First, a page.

Retail pharmacy brands were the first to recognize broader healthcare services as a competitive differentiator, as evidenced by the success of CVS Minute Clinics. We see grocery retail as well positioned to capture much more healthcare-related market share, though most don't yet recognize the opportunity at hand.One super-regional grocery chain with a clear focus on healthcare services is Des Moines, IA-based Hy-Vee. The employee-owned company offers a comprehensive slate of wellness services for customers, families and businesses to tap into, including dietitians, on-site flu clinics, diabetes education programs, pharmacist-led smoking cessation, and several other services.Hy-Vee recently announced plans to operate orange theory fitness centers as part of their healthy living/healthy communities initiatives. These types of creative moves make them distinct in customers' minds. In order for retailers to gain more traction around healthcare services, they need to be thinking holistically, with a commitment to customer convenience.
  • Posted on: 09/05/2017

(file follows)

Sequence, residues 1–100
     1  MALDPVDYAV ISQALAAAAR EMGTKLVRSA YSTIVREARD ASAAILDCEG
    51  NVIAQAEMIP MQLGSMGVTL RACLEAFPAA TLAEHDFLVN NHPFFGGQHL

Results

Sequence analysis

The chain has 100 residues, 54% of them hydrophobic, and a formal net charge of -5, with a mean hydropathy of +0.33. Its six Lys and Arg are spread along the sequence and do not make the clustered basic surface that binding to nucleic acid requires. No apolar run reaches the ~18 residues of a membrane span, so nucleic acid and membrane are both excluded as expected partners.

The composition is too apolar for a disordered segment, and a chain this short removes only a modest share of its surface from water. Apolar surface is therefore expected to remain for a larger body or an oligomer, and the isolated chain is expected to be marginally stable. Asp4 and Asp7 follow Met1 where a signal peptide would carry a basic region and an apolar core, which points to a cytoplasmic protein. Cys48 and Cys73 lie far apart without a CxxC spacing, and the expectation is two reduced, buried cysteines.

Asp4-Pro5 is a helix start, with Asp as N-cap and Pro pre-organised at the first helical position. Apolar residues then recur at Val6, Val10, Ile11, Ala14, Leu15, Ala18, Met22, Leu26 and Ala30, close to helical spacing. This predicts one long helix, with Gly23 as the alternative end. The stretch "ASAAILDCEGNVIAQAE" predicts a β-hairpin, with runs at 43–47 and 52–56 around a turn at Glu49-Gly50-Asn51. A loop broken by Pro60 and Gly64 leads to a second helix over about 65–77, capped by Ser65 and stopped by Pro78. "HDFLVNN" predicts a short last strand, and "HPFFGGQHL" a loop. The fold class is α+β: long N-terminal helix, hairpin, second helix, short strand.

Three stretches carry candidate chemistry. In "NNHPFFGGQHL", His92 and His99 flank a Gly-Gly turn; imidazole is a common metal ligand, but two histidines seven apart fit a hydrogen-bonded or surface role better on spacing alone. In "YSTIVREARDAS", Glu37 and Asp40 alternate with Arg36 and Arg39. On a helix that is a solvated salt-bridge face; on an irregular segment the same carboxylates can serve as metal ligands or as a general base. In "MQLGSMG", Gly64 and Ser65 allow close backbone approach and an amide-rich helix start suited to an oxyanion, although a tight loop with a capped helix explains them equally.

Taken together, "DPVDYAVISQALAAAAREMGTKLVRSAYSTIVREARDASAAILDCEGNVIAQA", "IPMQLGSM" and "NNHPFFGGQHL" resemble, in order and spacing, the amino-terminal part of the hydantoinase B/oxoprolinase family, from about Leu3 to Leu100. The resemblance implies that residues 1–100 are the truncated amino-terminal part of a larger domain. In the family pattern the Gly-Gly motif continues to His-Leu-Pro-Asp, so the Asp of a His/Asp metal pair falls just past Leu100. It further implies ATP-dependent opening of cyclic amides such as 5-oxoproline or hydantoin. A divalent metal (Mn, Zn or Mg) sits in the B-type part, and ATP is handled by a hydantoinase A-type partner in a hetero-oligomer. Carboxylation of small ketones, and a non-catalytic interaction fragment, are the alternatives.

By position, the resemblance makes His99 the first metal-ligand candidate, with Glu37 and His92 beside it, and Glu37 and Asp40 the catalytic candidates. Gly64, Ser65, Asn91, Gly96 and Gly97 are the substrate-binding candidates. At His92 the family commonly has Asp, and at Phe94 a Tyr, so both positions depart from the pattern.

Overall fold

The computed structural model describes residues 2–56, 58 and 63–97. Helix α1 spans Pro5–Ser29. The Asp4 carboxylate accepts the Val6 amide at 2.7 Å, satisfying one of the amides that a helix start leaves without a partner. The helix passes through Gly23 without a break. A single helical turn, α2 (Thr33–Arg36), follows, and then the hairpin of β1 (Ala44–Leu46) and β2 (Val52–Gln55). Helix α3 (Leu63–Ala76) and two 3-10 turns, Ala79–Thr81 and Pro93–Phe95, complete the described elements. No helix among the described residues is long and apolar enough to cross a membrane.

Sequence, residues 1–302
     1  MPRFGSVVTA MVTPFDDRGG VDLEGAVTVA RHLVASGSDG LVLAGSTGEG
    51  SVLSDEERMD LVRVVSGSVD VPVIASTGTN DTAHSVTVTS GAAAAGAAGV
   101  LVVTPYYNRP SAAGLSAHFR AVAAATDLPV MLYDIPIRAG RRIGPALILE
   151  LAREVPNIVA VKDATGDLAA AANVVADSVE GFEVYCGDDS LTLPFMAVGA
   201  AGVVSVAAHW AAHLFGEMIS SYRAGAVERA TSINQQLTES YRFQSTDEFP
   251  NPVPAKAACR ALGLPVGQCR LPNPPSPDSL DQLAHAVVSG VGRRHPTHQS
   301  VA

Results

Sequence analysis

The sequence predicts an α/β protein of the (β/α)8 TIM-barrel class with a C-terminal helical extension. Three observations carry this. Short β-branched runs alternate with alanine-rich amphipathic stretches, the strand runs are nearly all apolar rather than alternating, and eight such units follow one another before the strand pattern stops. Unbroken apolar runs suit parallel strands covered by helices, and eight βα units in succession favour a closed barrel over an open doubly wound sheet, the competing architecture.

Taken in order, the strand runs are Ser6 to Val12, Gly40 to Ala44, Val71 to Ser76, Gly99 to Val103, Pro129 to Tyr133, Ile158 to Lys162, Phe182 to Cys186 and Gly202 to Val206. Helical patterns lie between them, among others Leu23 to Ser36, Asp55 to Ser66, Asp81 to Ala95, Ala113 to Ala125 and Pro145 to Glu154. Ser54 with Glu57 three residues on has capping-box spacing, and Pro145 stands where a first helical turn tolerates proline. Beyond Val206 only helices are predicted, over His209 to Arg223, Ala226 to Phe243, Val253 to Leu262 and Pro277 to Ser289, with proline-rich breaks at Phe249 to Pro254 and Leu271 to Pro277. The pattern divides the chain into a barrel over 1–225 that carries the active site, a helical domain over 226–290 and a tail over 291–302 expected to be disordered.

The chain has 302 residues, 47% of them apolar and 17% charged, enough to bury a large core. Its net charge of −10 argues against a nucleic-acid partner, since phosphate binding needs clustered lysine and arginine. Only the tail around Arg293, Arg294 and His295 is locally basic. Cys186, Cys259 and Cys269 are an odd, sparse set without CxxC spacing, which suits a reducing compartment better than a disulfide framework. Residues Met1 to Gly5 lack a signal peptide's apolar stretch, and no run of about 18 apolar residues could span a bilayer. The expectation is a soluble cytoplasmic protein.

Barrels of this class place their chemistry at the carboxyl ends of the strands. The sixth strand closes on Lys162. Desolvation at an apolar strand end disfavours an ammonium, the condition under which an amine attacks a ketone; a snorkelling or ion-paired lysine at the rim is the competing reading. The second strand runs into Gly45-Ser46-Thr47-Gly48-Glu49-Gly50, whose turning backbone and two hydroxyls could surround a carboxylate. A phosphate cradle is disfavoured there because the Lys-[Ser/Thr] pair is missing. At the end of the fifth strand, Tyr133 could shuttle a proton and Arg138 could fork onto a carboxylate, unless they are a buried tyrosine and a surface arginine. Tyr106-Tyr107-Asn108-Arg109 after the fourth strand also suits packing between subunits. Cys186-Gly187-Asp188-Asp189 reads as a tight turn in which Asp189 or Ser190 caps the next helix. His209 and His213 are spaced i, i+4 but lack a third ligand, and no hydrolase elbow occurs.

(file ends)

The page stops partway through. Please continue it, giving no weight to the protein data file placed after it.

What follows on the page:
Will burger and fitness partnerships reinforce Hy-Vee’s mission?

    On the surface, burgers and fitness centers might seem odd, yet Hy-Vee is a solid example of the bold, sometimes counter-intuitive, yet innovative strategies an employee-owned company can pursue.Top-down, this retailer is laser-focused on its mission, while continuously looking for creative ways to retain and grow market share, delight and exceed customer expectations, and offer new experiential environments for all customer segments.At a time when so many grocery retailers are satisfied with maintaining the status quo, Hy-Vee is re-writing the retail playbook.
  • Posted on: 07/26/2017

    Can in-store experiences save retail?